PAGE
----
This paper describes economic developments in Denmark during 1990–96. After a prolonged period of stagnation in the second half of the 1980s and early 1990s, GDP rose by 4¼ percent in 1994, reflecting a surge in domestic demand and recovery in export markets. The expansion of GDP slowed to a 2¾ percent pace in 1995 as domestic demand moderated and as exports decelerated sharply. The slowing of external markets intensified in the course of 1995 with the result that GDP in the fourth quarter was barely above its first quarter level.
This paper examines the selected issues related to the economy of Denmark: divergence in house prices, house prices in Denmark's cities, macroprudential policies, and product market reform and firm productivity. Recent house price developments in Denmark have been characterized by a growing divergence between different parts of the country, with big cities experiencing much more rapid price increases than other parts. House price booms and busts in Denmark, like in many other countries, are a big-city phenomenon. Macroprudential policies can help contain risks for households, the financial system, and the broader economy, but they should be carefully calibrated to avoid an undue drag on growth.
This paper discusses the economic performance of Denmark. Although Denmark has a longstanding track record of sound economic and social policies, economic performance has been relatively weak for an extended period. The economy continues to grow slowly. After recording 1.3 percent growth in 2014, the economy grew by 1.2 percent in 2015, driven mostly by private consumption on the back of rising employment and real incomes. However, relatively strong performance in the first half of the year was partly undone by flagging exports in the second half of the year. Denmark has consistently run current account surpluses in recent decades, mostly reflecting structurally high retirement savings in the context of its funded pension system.
This Selected Issues paper analyzes the current account performance of Denmark in 1993–98. The paper presents a brief review of structural features of the external current account. It looks at the decline in export market share and concludes that it reflects primarily cyclical factors and the unwinding of an unsustainable export market gain immediately after the German unification. The paper also examines implications for fiscal policy of Denmark’s decision to remain for the time being outside the European Monetary Union.
The paper discusses the purpose, properties, and theoretical foundations of various indicators of inflation and also describes the forecasting methodology and performance of these indicators. It reviews the successful European labor market reform experiences and analyzes regulatory and supervisory frameworks in the European Union (EU), and assessments carried out under the IMF-World Bank Financial Sector Assessment Program (FSAP). It also investigates whether the cross-country correlation of bank business in Europe makes a good case for pan-European supervision.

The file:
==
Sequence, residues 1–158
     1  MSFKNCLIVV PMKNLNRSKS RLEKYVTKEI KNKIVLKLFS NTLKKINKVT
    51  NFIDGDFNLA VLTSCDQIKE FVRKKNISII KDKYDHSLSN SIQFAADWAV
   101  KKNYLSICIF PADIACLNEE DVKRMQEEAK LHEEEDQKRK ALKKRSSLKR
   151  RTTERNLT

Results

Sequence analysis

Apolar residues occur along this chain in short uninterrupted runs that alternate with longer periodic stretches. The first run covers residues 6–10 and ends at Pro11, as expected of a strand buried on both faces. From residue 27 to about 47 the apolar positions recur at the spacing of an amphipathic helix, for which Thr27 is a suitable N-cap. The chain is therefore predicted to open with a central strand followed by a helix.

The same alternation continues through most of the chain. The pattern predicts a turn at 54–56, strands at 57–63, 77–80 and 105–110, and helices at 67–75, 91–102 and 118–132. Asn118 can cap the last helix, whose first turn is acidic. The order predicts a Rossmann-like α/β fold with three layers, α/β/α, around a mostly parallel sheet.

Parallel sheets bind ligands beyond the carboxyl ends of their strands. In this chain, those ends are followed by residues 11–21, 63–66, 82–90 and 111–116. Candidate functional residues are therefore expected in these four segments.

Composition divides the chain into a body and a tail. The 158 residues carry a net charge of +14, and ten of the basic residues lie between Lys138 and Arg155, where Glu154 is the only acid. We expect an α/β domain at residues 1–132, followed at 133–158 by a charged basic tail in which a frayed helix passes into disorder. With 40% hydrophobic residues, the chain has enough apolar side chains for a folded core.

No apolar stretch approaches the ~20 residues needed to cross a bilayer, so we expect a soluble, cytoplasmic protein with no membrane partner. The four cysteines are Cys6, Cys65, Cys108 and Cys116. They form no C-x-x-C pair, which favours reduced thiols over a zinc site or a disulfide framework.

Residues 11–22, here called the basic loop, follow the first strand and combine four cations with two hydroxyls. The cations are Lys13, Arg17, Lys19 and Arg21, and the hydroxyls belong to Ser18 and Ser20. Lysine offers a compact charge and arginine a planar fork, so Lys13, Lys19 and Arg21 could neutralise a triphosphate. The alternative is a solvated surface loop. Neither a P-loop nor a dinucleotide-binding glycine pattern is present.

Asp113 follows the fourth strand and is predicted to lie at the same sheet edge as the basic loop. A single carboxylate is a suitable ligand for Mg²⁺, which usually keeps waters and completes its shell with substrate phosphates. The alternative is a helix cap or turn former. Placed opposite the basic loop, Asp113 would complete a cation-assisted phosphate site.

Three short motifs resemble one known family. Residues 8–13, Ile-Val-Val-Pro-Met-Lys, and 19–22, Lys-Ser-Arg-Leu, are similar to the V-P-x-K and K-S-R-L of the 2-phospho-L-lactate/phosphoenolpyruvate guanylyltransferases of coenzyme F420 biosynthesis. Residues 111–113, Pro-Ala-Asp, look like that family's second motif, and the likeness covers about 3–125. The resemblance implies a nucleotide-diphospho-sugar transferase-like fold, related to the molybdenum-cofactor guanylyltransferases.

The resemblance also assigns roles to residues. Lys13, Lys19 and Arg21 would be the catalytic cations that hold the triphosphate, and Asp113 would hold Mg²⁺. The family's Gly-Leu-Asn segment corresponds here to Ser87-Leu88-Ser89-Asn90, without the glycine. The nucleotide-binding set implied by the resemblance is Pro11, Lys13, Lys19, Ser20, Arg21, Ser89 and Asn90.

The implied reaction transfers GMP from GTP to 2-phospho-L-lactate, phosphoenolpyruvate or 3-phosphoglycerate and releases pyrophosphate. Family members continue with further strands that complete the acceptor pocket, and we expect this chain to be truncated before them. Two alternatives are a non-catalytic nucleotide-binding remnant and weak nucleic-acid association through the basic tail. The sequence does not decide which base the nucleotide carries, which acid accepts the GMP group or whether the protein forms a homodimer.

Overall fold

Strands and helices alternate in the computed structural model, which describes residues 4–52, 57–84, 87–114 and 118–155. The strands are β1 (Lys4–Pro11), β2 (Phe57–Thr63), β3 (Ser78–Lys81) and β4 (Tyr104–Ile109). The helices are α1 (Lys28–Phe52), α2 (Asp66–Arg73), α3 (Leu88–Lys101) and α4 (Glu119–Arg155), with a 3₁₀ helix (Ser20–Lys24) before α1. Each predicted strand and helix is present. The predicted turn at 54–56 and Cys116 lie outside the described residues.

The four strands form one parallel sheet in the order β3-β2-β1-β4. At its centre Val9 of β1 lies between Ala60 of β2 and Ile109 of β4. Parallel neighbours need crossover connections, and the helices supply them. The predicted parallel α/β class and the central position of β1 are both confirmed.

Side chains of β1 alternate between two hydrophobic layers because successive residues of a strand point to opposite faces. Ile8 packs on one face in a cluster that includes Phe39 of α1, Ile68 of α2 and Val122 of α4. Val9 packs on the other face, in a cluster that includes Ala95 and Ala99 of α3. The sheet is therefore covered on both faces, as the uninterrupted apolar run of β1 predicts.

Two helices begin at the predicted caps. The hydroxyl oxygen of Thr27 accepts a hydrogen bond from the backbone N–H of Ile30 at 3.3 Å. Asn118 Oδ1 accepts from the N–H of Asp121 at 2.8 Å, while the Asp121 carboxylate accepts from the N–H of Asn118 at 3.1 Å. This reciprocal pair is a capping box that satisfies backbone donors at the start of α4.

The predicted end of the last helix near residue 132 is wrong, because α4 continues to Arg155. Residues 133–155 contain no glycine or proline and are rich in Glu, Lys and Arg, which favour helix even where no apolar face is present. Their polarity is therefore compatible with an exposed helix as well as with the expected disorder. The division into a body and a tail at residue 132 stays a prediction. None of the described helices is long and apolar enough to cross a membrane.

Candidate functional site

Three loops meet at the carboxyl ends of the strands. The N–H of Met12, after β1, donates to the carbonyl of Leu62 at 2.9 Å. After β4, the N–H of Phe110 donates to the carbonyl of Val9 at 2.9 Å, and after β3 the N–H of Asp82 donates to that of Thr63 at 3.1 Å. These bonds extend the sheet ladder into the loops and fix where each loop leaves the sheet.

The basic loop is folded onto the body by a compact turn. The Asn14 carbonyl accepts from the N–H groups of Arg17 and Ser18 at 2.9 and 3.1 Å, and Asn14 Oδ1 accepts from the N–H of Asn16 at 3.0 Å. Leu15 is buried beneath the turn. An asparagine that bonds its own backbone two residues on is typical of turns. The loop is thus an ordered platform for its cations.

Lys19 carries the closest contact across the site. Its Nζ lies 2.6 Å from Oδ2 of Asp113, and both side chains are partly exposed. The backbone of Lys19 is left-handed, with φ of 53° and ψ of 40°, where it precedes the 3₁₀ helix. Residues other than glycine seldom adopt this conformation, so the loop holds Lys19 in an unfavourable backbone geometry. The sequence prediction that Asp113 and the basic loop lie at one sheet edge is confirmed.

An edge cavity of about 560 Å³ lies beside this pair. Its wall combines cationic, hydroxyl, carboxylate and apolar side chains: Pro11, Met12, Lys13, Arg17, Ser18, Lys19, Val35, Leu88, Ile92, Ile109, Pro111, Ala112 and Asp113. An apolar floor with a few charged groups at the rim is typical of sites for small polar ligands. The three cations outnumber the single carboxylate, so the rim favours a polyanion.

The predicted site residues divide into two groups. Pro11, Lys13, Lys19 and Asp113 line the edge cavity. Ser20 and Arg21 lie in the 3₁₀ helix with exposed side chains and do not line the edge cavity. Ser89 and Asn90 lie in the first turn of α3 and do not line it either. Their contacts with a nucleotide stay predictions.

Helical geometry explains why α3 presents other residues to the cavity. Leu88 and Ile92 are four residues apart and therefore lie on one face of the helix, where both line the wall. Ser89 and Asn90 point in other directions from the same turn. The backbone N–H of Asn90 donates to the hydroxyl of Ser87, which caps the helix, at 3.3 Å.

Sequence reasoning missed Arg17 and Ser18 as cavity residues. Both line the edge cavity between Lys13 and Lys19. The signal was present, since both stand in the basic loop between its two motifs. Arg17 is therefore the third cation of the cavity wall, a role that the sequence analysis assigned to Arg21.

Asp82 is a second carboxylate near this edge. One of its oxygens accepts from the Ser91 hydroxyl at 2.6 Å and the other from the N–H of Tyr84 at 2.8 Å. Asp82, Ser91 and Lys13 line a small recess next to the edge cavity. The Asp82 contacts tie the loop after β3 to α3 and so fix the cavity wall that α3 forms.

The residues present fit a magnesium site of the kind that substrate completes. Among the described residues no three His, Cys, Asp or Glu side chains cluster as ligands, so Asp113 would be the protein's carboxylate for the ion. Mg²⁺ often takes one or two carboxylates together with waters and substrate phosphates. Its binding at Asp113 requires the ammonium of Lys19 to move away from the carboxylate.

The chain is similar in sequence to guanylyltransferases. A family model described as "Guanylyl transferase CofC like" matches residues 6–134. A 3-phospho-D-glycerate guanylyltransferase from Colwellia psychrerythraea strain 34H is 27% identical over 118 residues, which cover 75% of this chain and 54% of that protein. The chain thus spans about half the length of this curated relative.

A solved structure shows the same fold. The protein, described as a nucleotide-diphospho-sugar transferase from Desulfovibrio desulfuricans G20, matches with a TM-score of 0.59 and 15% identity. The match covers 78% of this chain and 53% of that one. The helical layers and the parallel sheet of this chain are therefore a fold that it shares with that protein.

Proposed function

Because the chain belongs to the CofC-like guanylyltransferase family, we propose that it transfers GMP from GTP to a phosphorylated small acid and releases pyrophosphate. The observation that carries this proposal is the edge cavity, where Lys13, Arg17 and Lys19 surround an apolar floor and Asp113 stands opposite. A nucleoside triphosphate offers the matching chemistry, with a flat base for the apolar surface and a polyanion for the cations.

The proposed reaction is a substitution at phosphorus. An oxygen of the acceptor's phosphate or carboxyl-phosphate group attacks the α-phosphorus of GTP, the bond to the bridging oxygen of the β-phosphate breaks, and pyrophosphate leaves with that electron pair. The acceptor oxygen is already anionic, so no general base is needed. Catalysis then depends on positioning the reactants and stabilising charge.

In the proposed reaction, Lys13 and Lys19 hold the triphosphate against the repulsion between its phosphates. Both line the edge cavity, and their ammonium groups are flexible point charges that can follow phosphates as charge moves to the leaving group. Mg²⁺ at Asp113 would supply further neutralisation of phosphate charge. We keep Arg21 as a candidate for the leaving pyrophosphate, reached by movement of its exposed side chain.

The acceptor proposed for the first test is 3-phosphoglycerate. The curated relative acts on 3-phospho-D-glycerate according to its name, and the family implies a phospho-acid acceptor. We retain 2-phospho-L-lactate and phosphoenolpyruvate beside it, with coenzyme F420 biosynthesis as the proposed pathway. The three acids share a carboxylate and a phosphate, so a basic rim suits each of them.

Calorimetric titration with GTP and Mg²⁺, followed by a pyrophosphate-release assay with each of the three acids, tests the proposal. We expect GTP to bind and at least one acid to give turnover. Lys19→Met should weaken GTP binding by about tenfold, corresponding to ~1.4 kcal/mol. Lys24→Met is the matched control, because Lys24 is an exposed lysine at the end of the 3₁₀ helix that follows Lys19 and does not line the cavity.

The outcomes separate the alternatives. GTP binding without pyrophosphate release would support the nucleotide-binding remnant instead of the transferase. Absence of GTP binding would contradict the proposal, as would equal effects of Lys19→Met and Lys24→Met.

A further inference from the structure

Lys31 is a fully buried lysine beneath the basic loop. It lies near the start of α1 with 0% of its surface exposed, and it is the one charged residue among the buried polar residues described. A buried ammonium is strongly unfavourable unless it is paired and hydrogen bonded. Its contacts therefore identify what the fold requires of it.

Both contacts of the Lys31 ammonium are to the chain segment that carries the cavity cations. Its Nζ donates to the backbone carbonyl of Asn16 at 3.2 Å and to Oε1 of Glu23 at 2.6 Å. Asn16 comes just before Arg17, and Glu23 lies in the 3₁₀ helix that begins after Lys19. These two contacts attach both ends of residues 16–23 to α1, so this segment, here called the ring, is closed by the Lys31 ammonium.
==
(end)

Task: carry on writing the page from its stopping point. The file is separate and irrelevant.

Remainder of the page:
The paper discusses the flexicurity model, its key policy elements, and association with a low unemployment rate and a high standard of social security for the unemployed. It provides details of an empirical analysis of unemployment performance and the flexicurity model. It also presents selected stylized facts about Danish housing price developments and focuses on tax treatment affecting the market. It also shows an empirical result on developments in the housing finance market and in the Danish taxation of housing.
This Selected Issues paper for Denmark shows that a demographic shift will have several impacts on the economy. The decline in the relative size of the labor force will result in relatively fewer goods produced. This effect will be particularly strong, because a large portion of the current baby-boomers are in their peak earning years, and their retirement will have a dramatic effect on productivity and on overall production. Demark has imposed a restrictive policy requiring that immigrants prove they have a job that meets wage and working condition standards before getting a work permit.
This paper looks at whether the aggregate ERM money supply has been a useful predictor of short-term changes in inflation and growth, and long-term trends in price levels among the core ERM countries. The evidence suggests that over the period since 1987, when there have been no realignments, the ERM money supply performs at least as well, and arguably better, than the individual national aggregates in predicting nominal aggregates such as inflation and the price level, while neither money supply is a good predictor of real activity.
This paper attempts to provide a perspective on real exchange rate developments following the inception of the EMS. The focus is on structural determinants of real exchange rates, notably the behavior of tradables and nontradable prices and productivity. It is found that changes in the relative price of tradable goods in terms of nontradables account for a sizable fraction of real exchange rate dynamics during the EMS period. Sectoral productivity growth differential help explain the behavior of the relative price of tradable goods, especially in the long run. There is also some evidence that the EMS has extended on relative price behavior.